Several SpaceX employees who were fired after circulating an open letter calling out CEO Elon Musk’s behavior have filed a complaint accusing the company of violating labor laws.
The complaint, filed Wednesday with the National Labor Relations Board, details the fallout from what allegedly happened at SpaceX after employees circulated the letter in June, which, among other things, called on executives to publicly condemn the behavior of Musk on Twitter — including dismissing allegations that he sexually harassed a flight attendant — and holding everyone accountable for unacceptable behavior.
The letter was sent weeks after a media report surfaced that Musk had paid $250,000 (roughly Rs. 2,04,27,920) to the flight attendant to drop a potential sexual harassment lawsuit against him. The billionaire has denied the allegations.
The employees, in their letter, urged SpaceX to uniformly enforce its policy against unacceptable behavior and commit to a transparent process for responding to allegations of misconduct. A day later, Paige Holland-Thielen and four other employees involved in organizing the letter were fired, according to a filing Holland-Thielen made with the NLRB’s California regional office. Four additional employees were fired weeks later for their involvement in the letter.
A company spokesman did not immediately respond to a request for comment.
Musk, who is the CEO of Tesla and SpaceX and currently runs Twitter, prefers to do things his own way, even if that means breaking rules and regulations. He is currently in a challenging battle with the Department of Civil Rights, a California regulator that is suing Tesla for rampant racial discrimination.
Some view Musk’s management style as autocratic and demanding, as evidenced by a recent email he sent to Twitter employees, giving them until Thursday night to decide whether they want to remain part of the business. Musk wrote that employees “will have to be extremely tough” to build a “revolutionary Twitter 2.0” and that success will require long, high-intensity hours.
A number of engineers also said on Twitter that they were fired last week after saying something critical of Musk, either publicly on Twitter or on an internal Twitter employee message board.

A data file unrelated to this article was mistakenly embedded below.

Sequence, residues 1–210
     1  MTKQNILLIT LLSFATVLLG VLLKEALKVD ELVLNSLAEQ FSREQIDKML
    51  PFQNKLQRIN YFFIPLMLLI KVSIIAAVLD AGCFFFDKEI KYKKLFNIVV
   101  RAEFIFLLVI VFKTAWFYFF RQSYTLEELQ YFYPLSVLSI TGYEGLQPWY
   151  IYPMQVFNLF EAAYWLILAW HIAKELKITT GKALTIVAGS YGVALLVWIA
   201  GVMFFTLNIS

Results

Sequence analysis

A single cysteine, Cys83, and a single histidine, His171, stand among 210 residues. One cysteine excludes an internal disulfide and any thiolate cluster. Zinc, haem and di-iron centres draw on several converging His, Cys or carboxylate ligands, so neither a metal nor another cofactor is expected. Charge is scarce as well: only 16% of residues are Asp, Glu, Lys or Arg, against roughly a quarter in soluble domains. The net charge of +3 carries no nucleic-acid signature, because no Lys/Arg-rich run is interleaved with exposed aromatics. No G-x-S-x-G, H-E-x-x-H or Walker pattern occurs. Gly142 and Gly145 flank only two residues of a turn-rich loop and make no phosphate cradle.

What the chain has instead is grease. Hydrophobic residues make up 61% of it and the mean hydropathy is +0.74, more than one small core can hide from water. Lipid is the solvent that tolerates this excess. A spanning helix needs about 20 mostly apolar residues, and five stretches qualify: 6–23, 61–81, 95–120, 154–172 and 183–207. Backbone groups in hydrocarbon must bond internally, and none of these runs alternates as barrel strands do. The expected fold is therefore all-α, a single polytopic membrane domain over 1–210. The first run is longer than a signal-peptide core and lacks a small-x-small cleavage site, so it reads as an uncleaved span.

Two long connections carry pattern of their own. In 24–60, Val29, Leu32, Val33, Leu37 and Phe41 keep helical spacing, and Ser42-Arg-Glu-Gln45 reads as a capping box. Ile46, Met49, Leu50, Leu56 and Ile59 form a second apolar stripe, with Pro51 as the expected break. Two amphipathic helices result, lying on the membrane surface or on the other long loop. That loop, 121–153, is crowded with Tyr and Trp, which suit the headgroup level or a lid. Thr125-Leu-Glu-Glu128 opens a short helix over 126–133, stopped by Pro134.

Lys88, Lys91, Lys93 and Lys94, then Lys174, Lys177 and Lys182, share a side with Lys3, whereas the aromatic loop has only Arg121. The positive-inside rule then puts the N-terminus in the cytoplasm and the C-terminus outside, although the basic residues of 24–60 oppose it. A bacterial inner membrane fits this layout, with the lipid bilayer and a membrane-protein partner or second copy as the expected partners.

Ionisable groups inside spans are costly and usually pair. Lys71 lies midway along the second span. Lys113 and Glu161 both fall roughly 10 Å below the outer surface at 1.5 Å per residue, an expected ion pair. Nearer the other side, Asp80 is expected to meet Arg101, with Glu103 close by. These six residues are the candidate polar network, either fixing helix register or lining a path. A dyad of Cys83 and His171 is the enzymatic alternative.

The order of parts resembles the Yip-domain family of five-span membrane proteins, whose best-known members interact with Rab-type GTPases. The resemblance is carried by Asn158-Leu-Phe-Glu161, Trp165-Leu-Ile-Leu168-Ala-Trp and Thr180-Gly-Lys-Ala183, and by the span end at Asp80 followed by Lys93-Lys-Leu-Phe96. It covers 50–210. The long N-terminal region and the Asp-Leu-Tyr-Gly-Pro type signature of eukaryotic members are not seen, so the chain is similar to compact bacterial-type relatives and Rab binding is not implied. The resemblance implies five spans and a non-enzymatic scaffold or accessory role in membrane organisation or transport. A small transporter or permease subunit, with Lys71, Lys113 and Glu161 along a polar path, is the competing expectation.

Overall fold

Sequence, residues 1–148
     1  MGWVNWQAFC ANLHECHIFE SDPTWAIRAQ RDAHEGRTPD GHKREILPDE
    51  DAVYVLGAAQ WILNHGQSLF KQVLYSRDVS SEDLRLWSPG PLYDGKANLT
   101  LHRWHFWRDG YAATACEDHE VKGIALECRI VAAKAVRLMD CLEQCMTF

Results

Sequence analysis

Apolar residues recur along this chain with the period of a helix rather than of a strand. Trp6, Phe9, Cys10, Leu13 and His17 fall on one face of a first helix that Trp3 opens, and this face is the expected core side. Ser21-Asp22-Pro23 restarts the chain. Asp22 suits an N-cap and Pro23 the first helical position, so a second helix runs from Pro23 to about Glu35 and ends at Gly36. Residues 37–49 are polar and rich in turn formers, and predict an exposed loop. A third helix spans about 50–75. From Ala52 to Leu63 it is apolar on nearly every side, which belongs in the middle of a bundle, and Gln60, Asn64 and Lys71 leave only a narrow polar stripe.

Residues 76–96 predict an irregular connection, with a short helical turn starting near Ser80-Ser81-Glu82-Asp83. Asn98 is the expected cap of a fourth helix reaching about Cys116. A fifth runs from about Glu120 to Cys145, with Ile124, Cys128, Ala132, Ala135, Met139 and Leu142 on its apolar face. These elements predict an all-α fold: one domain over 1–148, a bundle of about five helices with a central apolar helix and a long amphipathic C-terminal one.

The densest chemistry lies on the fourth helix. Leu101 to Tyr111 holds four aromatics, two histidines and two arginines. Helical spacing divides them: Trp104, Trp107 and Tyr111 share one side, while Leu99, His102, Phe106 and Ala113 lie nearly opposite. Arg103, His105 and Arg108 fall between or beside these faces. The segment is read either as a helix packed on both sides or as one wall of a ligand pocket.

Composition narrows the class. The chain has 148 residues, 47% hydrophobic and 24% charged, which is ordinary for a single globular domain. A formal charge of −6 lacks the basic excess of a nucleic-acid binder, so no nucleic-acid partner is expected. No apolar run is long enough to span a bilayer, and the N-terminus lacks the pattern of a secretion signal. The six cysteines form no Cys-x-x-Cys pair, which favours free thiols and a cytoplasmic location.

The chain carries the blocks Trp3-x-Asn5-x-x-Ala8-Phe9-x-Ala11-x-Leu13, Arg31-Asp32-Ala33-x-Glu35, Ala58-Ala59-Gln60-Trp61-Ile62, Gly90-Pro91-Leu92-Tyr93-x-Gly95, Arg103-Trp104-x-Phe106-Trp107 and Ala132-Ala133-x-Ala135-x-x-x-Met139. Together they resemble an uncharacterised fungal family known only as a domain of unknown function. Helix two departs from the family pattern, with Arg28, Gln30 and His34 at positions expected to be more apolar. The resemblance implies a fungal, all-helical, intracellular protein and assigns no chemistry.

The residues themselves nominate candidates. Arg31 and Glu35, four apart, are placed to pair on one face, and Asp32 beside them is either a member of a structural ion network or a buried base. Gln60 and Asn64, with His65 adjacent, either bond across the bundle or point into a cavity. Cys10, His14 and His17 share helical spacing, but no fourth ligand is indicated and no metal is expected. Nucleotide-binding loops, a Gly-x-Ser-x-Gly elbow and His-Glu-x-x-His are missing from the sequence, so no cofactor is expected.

In a statement, Holland-Thielen said that as a female engineer at SpaceX she experienced “profound cultural issues” and comforted colleagues who had similar issues.
“It was clear that this culture was created from the highest level,” she said.
Still, she said part of what she likes about the company is that anyone can escalate issues to management and be taken seriously.
“We drafted the letter to communicate to executive staff their conditions and show how the lack of action created tangible barriers to the long-term success of the mission,” Holland-Thielen said. “We never imagined that SpaceX would fire us because we are trying to help the company succeed.”
The layoffs coincide with Musk’s $44 billion (roughly Rs. 3.37,465 crore) buyout of Twitter. Around the same time, the billionaire used a sexual term to mock Microsoft co-founder Bill Gates’ stomach and also posted a poop emoji during an online discussion with then-Twitter CEO Parag Agrawal.
After firing the first set of employees, SpaceX allegedly interviewed dozens of others over the next two months in private meetings, telling them they could not disclose those conversations to anyone else because of attorney-client privilege, according to the complaint . Four additional employees who helped draft or share the letter were fired in July and August, the filing said, adding to a total of nine terminations.
“Management has used this ‘ends justifies the means’ philosophy to turn a blind eye to the ongoing mistreatment, harassment and abuse reported by my colleagues, much of whom were directly encouraged and inspired by the CEO’s words and actions,” said Tom Molin, who was also fired from SpaceX after orchestrating the letter.
Jeffrey Pfeffer, a professor who specializes in organizational behavior at Stanford University’s business school, said the allegations were hardly a surprise given Musk’s leadership style on Twitter. Musk’s success at companies like Tesla and SpaceX created what he called hubris under the false notion that “it’s all about individual genius.”
“Powerful people break the rules. They don’t think they’re bound by the same conventions as other people,” Pfeffer said, criticizing Musk’s behavior. He said it showed the arrogance of Musk, one of the richest men in the world: “Why would he think he’s a mere mortal?”